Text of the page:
The impact of structured support groups for pregnant South African women recently diagnosed HIV positive.


Journal Article

The authors of this study evaluated a structured 10-session psychosocial support group intervention for newly HIV-diagnosed pregnant South African women. Participants were expected to display increases in HIV disclosure, self-esteem, active coping and positive social support, and decreases in depression, avoidant coping, and negative social support. Three hundred sixty-one pregnant HIV-infected women were recruited from four antenatal clinics in Tshwane townships from April 2005 to September 2006. Using a quasi-experimental design, assessments were conducted at baseline and two and eight months post-intervention. A series of random effects regression analyses were conducted, with the three assessment points treated as a random effect of time. At both follow-ups, the rate of disclosure in the intervention group was significantly higher than that of the comparison group (p<0.001). Compared to the comparison group at the first follow-up, the intervention group displayed higher levels of active coping (t=2.68, p<0.05) and lower levels of avoidant coping (t=-2.02, p<0.05), and those who attended at least half of the intervention sessions exhibited improved self-esteem (t=2.11, p<0.05). Group interventions tailored for newly HIV positive pregnant women, implemented in resource-limited settings, may accelerate the process of adjusting to one's HIV status, but may not have sustainable benefits over time.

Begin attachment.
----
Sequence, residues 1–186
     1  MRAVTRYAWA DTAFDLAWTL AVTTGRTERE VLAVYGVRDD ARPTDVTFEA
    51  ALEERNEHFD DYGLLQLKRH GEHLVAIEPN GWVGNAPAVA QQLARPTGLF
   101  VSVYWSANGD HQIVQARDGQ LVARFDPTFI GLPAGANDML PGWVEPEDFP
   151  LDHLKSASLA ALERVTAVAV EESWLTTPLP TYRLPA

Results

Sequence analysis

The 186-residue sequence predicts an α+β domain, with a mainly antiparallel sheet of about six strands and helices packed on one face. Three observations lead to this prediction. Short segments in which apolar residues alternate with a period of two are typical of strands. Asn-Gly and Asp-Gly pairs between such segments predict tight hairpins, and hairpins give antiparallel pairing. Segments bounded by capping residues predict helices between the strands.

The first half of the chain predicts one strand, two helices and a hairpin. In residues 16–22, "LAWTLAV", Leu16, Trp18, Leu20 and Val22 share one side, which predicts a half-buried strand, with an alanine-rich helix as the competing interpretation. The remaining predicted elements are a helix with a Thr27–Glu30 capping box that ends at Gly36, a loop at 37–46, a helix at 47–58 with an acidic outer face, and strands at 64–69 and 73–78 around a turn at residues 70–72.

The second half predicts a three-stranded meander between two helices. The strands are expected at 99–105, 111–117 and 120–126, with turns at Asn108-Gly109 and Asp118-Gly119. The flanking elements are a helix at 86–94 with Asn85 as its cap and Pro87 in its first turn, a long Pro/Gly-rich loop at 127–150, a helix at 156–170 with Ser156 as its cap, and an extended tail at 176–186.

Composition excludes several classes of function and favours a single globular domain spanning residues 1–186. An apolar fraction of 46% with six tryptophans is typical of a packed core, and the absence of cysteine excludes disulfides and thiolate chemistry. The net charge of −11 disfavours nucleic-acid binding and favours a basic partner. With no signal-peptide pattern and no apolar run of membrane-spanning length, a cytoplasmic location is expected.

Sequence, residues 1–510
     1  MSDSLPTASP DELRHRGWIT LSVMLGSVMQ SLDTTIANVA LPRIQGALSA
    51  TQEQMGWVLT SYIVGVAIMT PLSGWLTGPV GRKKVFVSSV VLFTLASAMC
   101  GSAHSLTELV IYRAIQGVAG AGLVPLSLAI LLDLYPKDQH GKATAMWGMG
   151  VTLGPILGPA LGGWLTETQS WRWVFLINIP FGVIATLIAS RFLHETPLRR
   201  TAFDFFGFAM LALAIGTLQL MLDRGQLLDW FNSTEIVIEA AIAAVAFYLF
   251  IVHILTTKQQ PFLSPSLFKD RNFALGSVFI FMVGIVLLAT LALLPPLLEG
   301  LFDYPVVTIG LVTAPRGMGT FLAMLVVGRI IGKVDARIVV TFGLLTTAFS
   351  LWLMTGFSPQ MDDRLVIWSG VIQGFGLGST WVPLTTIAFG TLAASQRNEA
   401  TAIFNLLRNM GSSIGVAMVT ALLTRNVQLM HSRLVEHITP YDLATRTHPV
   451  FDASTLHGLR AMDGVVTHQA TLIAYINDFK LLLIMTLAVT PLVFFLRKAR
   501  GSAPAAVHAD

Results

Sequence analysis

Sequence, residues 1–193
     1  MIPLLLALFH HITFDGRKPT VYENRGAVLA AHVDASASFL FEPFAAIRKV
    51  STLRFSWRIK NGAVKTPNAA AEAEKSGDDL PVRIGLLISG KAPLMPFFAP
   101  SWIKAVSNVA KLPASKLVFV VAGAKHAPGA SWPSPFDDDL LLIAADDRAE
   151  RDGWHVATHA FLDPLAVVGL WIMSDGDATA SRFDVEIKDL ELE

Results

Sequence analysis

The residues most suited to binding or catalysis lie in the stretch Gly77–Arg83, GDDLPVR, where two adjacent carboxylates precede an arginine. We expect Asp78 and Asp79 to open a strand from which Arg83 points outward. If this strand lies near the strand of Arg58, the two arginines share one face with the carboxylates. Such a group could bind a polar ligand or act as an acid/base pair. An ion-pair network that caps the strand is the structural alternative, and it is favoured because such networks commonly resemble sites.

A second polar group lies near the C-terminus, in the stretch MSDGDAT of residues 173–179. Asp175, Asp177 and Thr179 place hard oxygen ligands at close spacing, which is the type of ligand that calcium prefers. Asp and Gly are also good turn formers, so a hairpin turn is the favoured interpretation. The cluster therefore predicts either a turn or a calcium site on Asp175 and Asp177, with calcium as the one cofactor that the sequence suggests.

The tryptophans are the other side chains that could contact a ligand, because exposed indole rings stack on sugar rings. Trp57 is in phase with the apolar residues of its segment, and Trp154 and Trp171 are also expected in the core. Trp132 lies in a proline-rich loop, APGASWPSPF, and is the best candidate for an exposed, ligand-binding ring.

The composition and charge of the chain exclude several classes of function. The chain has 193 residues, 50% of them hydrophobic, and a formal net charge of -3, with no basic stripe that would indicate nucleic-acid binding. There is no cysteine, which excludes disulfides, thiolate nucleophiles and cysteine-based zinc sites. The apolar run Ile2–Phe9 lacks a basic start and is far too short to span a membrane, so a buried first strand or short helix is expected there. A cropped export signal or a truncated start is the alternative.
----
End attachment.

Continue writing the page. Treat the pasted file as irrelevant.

Full Text

Cited Authors

  • Mundell, JP; Visser, MJ; Makin, JD; Kershaw, TS; Forsyth, BWC; Jeffery, B; Sikkema, KJ

Published Date

  • August 2011

Published In

Volume / Issue

  • 51 / 6

Start / End Page

  • 546 - 565

PubMed ID

  • 21973110

Pubmed Central ID

  • 21973110

Electronic International Standard Serial Number (EISSN)

  • 1541-0331

International Standard Serial Number (ISSN)

  • 0363-0242

Digital Object Identifier (DOI)

  • 10.1080/03630242.2011.606356


  • eng